The Port Arthur News
PORT ARTHUR —
Ken Broussard holds the rights to 22 U.S. patents. And the federal government has taken an interest in his latest invention.
The Department of Homeland Security and Department of Health and Human Services both secured contracts with Broussard’s company, Climate Controlled Containers Inc., to purchase his one-of-a-kind invention: a self-sustained, refrigerated shipping container that can travel by truck, rail, sea and air.
What will the government store in what Broussard has dubbed “The Cold Box”?
Anthrax vaccines, he said.
Broussard has been working on this shipping container that operates on “high tech batteries” and can maintain its temperature within one degree for more than 12 years now. And his hard work has finally come to fruition in his hometown.
With the help of the Port Arthur Economic Development Corporation, Climate Controlled Containers will train and employ Port Arthur residents to perform the high-skilled, technical jobs that the company requires. There are about 20 different positions for which training would be offered, Broussard said.
Overall, Climate Controlled Containers planned to hire 100 new employees, each of whom would be screened carefully by Workforce Solutions Southeast Texas, Broussard said. Out of that 100 workers, 75 would be from Port Arthur as part of the EDC’s agreement with the company.
Per the agreement, approved by the City of Port Arthur and the EDC, the EDC would reimburse the company 50 percent of the cost to train new employees up to $250,000, said Floyd Batiste, CEO of the EDC. The contract is for a five-year period.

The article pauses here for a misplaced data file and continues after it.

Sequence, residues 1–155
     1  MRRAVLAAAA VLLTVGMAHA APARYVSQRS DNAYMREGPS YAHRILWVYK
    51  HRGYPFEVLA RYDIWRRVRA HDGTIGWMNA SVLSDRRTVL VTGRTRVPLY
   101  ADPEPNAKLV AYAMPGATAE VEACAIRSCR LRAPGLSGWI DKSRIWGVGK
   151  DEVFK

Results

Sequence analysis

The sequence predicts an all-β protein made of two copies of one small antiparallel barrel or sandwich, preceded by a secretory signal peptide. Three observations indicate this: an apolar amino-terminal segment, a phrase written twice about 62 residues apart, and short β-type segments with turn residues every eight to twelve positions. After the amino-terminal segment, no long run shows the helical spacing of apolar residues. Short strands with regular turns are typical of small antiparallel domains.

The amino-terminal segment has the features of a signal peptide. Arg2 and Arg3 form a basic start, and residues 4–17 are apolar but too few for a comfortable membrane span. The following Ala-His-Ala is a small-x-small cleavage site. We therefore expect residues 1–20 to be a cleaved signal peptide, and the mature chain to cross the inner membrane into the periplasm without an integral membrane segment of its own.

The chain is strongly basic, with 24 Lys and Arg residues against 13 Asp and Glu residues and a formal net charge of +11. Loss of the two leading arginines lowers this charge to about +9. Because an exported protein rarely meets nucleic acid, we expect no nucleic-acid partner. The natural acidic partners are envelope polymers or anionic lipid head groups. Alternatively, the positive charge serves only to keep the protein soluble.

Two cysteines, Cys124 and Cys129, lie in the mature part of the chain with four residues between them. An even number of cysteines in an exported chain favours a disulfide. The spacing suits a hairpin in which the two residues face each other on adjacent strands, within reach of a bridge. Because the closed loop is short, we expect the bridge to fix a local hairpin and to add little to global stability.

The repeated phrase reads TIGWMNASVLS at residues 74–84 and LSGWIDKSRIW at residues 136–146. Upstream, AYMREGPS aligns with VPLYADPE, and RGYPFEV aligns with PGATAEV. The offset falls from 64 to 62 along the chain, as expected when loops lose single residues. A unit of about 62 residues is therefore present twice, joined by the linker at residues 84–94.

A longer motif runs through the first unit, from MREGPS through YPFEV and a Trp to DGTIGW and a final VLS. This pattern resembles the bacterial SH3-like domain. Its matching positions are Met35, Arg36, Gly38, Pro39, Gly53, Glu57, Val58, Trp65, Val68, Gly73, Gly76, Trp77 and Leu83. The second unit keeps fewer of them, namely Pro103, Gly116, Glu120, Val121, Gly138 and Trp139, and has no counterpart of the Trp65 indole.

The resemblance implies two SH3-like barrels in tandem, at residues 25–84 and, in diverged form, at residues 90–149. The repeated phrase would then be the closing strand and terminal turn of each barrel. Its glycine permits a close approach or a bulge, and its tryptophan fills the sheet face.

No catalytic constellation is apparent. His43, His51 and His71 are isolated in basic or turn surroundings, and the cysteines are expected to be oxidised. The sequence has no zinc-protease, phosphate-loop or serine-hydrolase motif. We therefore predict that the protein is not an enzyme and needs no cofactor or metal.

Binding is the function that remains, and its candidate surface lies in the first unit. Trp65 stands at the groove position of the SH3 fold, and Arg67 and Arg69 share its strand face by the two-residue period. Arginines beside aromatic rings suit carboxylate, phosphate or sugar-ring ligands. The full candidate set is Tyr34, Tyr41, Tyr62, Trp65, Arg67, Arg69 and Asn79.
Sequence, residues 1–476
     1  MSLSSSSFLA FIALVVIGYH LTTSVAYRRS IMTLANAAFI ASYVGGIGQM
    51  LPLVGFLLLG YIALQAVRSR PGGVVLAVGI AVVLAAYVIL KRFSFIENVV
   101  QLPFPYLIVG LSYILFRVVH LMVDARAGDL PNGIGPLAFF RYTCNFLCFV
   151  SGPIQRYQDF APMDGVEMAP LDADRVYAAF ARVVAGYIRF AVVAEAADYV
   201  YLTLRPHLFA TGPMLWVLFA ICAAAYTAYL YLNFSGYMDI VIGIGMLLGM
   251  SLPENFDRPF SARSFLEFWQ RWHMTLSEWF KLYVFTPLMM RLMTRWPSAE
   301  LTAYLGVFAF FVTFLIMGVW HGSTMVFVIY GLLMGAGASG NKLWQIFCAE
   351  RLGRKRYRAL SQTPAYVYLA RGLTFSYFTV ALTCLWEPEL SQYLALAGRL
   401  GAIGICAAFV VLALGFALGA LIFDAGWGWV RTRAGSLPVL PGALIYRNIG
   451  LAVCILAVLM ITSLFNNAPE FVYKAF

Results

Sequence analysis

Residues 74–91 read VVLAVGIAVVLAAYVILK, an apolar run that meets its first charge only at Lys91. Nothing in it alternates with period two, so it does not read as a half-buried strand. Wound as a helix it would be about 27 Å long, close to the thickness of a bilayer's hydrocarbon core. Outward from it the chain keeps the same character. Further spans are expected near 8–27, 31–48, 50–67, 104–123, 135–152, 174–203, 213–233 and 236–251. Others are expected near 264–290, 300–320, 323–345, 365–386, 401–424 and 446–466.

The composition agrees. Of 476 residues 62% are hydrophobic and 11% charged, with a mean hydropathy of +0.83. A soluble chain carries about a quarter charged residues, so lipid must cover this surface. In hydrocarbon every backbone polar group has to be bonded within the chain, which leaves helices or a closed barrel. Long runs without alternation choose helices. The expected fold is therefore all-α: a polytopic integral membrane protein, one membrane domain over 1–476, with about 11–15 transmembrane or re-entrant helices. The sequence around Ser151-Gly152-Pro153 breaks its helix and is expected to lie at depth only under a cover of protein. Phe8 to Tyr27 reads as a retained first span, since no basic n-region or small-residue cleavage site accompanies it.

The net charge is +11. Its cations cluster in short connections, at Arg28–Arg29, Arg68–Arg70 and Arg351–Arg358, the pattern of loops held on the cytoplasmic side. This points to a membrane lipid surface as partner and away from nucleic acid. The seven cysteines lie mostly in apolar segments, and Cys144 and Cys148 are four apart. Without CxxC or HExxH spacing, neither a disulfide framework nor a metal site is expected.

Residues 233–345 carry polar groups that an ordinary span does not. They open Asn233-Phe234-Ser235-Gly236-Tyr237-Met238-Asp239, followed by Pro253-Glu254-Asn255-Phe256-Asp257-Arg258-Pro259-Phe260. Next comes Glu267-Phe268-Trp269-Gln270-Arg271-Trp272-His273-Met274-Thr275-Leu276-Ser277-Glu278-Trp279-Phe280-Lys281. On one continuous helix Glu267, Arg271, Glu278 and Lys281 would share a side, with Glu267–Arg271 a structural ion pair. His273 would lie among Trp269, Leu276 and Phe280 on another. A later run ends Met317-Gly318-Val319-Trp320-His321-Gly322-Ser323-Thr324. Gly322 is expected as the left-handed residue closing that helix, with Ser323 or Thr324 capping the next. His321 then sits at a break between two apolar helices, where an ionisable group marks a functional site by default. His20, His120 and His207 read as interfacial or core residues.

The annual average salary of the new employees would be $32,500, according to documents obtained by an open records request.
Some of the skills required would be robotics operation, assembly, robotics welding and inside sales, Broussard said. It would take about nine weeks to train each employee for this semiclassified job. Employees would sign nondisclosure agreements due to the sensitive nature of the company’s shipping business with clients like the federal government.
The agreement also states that the EDC would provide the company with $400,000 to purchase manufacturing equipment in addition to the employee training reimbursement, according to documents obtained via open records request.
But that is not all of the assistance Climate Controlled Containers received. The U.S. Economic Development Administration awarded the city with a $1 million grant in March to help rehabilitate the former Texas National Guard Armory on 57th Street, where the containers will be made. The project was expected to create 100 jobs and generate $10 million in private investments for Southeast Texas.
John Hall, consultant for the city, secured the grant from the EDA.
“It’s a win-win for the City of Port Arthur,” Batiste said.
In an economy dominated by the oil and gas industry, the manufacturing of “The Cold Box” would present Port Arthur with an opportunity to diversify the area economy, Batiste said. The skills employees would learn are valuable, transferable skills, and the product has the potential to be used in every corner of the world.
“It was amazing why it took so long to make this happen,” Batiste said about “The Cold Box.”
The shipping container truly is the first one of its kind, Broussard said. The self-contained, refrigerated container eliminates the need for refrigerated diesel trucks, which leads to greener transportation. Broussard has been working with the Federal Aviation Administration for about five years to ensure that the container can travel safely by air. And the container itself is reusable and recyclable.
But for Broussard, who never went to college, “The Cold Box” was just the latest development in a long line of developments.
“It’s just what I do,” he said.